Human Trafficking Essay

analytical Essay
1130 words
1130 words

Human trafficking is the illegal transport, reception, and/or housing of human beings against their will. It’s an action. An important component of human trafficking is that the intent be to enslave the person. Enslaved persons, largely comprised of women and children, are forced to be house servants, to do heavy labor like working in fields, and/or to commit various sex acts. They can be tricked into going with the trafficker because they believe that they’re going to be smuggled into another country, hired for a job, or in other ways. They are also often taken by force. Slavery is dehumanizing, demeaning, and robs individuals of their own lives. Ensuring the human right from slavery is a task that many of countries have undertaken. President Barack Obama said it best: “It ought to concern every person, because it is a debasement of our common humanity. It ought to concern every community, because it tears at our social fabric. It ought to concern every business, because it distorts markets. It ought to concern every nation, because it endangers public health and fuels violence and organized crime. I’m talking about the injustice, the outrage, of human trafficking, which must be called by its true name – modern slavery.” ( One voice is like an ever expanding ripple. In choosing to become educated about the issue ourselves, we become able to contribute to raising awareness and awareness will help combat, even prevent, human trafficking.

According to the International Labour Organization (, there were almost 21 million slaves (“forced labour”) globally, numbering victims at 3 out of 1,000 people worldwide. Force 4 Compassion ( adds that “800,000 people are trafficked worldwide ...

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...ion for doing so is “enhanced public awareness, training, victim assistance, and law enforcement investigations”. The FBI has a list of initiatives on its’ site (, Health and Human Services on its’ site (, and the U.S. Department of State on its’ site ( The United Nations is also mobilized toward the “eradication” of human trafficking ( Again and again, government focus is on identifying and prosecution. Other organizations such as “Not for Sale” ( focus on shrinking the proverbial fishing pond through empowering the powerless, and lifting the vulnerable into stable standards of living. Apparently, a great many of us are as concerned as we “ought” to be but there’s plenty of room in that pond for more “ripples” of consciousness so that we too, join them in actively combating “modern slavery”.

In this essay, the author

  • Explains that human trafficking is the illegal transport, reception, and/or housing of human beings against their will. ensuring the human right from slavery is a task that many countries have undertaken.
  • Explains that according to the international labour organization, there were almost 21 million slaves globally, numbering victims at 3 out of 1,000 people worldwide.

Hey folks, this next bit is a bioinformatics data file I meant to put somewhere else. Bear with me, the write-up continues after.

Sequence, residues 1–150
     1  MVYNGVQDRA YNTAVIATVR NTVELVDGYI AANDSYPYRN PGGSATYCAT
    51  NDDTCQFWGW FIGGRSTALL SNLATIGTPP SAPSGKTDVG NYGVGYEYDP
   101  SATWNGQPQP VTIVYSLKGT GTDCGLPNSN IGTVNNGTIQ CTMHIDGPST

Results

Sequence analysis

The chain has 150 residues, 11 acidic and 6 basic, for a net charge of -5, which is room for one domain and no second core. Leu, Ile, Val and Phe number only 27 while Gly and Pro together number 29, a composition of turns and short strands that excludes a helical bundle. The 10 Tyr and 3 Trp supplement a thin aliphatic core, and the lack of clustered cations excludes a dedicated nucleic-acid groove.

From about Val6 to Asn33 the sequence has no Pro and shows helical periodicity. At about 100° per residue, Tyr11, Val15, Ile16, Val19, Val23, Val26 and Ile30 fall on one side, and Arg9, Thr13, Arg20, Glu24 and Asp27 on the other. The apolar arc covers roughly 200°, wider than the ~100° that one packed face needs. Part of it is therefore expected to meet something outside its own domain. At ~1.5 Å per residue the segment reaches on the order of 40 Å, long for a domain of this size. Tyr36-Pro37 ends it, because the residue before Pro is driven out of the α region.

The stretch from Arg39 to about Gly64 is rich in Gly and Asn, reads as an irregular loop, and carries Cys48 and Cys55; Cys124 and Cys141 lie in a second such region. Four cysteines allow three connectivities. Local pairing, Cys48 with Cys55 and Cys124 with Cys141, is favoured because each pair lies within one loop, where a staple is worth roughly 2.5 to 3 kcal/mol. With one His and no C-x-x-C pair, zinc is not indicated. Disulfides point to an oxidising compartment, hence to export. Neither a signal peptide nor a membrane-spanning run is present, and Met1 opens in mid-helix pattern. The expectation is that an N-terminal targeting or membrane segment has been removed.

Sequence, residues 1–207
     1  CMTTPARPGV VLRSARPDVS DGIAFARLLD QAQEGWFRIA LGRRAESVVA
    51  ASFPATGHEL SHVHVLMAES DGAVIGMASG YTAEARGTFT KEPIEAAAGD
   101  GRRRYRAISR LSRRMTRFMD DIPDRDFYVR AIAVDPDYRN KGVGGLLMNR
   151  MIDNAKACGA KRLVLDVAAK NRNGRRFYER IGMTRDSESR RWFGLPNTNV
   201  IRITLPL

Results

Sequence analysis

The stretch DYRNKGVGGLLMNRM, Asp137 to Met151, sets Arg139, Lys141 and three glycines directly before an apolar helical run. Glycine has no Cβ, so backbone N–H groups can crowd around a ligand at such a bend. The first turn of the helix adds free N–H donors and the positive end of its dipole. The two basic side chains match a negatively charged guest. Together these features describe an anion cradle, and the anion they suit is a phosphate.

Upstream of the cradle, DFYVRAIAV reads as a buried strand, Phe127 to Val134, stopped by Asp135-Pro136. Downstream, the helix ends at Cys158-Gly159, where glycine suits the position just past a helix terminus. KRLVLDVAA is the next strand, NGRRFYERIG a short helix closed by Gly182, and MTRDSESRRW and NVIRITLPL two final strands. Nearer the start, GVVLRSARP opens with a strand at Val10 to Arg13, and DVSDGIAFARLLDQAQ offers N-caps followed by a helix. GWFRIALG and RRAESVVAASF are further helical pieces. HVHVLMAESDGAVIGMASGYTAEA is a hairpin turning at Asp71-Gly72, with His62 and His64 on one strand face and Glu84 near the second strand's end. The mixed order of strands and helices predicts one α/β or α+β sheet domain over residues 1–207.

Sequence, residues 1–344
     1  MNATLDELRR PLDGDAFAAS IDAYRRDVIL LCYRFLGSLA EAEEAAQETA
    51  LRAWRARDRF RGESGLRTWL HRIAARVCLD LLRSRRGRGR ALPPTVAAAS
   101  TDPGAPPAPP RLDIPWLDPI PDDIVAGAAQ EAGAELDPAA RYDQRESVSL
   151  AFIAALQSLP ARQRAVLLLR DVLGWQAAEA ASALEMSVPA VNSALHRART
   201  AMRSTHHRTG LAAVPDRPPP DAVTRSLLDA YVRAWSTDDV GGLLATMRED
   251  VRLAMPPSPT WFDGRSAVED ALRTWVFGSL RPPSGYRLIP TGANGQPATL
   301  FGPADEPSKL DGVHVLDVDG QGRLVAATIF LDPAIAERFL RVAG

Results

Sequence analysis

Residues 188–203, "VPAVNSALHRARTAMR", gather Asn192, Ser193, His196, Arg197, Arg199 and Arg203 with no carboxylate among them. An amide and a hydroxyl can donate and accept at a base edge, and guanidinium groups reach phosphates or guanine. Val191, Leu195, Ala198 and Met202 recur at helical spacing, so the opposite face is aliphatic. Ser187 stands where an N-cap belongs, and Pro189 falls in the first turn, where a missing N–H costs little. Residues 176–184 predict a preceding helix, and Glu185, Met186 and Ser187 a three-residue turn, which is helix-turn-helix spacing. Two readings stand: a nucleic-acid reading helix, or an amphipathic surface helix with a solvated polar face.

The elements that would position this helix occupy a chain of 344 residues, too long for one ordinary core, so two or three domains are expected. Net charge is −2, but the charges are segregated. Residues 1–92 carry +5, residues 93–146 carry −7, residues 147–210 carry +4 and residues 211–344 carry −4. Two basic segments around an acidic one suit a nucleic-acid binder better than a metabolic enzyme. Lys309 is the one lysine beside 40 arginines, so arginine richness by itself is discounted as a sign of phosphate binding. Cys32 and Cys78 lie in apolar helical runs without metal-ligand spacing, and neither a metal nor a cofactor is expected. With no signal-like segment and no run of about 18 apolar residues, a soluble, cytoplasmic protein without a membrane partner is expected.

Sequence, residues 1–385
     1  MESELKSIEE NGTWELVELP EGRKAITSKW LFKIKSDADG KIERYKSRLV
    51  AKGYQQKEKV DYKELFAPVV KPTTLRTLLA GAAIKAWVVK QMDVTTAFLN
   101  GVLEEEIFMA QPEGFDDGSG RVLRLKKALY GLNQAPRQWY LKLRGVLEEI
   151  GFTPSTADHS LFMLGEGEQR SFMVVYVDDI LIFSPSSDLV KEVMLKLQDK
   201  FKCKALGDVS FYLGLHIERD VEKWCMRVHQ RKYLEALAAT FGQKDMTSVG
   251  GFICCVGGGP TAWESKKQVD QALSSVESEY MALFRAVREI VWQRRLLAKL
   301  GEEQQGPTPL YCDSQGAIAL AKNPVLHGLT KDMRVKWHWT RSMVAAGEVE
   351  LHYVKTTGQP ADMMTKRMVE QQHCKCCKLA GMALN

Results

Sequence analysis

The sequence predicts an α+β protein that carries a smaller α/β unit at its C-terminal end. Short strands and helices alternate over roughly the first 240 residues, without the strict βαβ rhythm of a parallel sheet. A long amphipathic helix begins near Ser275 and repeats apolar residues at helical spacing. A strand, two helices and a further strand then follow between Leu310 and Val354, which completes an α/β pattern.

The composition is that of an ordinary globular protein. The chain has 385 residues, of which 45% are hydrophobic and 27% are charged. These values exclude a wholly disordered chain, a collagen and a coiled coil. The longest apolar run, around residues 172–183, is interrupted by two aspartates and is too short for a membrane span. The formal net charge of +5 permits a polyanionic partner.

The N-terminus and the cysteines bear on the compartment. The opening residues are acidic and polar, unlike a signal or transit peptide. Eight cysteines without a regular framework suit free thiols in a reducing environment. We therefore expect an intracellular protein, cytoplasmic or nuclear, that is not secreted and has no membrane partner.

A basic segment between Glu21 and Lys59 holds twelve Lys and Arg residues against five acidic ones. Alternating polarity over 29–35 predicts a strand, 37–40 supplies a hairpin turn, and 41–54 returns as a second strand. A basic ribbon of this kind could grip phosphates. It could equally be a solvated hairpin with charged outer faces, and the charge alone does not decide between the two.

• Describes how maria, a mexican-born 15-year-old, moved to california and was sold into slavery to an older white man who raped and abused her for five years. she was wrongfully convicted of her "boss's" murder and served over 22 years
  • Describes how indonesian john came to the united states believing that he would have a legitimate job waiting for him. he would be made to work great hours for months, fearing expulsion and beatings, until his fbi rescue.
  • Analyzes how brianna was an "all-american" middle-class 18-year-old who waitressed in her hometown diner. a regular customer and his wife around her parents' age frequented there and would ask her seemingly innocent questions about her preferences, plans, likes and dislikes.
  • Describes how brianna was swept off her feet by "the man of her dreams". he flirted with her and made her feel special and beautiful. he helped her become comfortable with working in a strip club.
  • Narrates how brianna's friend noticed some red flags and told her parents and that began her own realization that she was being duped. she battles human trafficking by telling her story.
  • Narrates how irina's nightmare ended when she had to prostitute and her passport had been taken from her. she was sold to someone else and financially fined.
  • Narrates how sarai from thailand was rescued at the tender age of 6. her parents were addicted to drugs and her mom had sold her for $10. tina from mexico got high when she was 9 years old.
  • Explains that edgardo was reared by his father from very early to be a killer. he killed his first man at 14 and over his lifetime he "carried out over 25 political assassinations for corrupt government leaders."
  • Analyzes how stories begin to bleed together and begin feeling like a list of compiled facts. the "human", in human trafficking can get lost in the overwhelming amount of data.
  • Explains that human trafficking is easy, hard to spot, and lucrative. the polaris project educates the public that even normal consumer goods, foreign or domestic, are often yielded from slave labor.
  • Explains that government agencies are pooling resources and working as separate entities with the common goal of completely eradicating human trafficking.
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